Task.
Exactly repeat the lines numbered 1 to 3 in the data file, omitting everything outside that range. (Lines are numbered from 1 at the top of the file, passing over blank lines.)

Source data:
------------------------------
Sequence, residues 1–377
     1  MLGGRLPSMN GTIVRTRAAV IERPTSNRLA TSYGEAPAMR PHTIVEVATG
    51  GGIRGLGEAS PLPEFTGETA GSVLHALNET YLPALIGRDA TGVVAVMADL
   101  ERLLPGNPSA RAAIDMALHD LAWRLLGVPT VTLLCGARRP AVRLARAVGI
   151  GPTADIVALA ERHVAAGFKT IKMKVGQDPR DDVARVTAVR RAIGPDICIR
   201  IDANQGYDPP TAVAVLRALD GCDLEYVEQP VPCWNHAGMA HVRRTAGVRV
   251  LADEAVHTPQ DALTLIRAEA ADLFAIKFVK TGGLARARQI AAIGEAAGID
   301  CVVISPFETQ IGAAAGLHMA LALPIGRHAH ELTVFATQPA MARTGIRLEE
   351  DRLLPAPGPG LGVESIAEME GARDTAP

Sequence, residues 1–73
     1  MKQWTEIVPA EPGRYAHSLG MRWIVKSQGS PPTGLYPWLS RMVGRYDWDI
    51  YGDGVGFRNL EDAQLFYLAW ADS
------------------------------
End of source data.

Sequence, residues 1–377
     1  MLGGRLPSMN GTIVRTRAAV IERPTSNRLA TSYGEAPAMR PHTIVEVATG
    51  GGIRGLGEAS PLPEFTGETA GSVLHALNET YLPALIGRDA TGVVAVMADL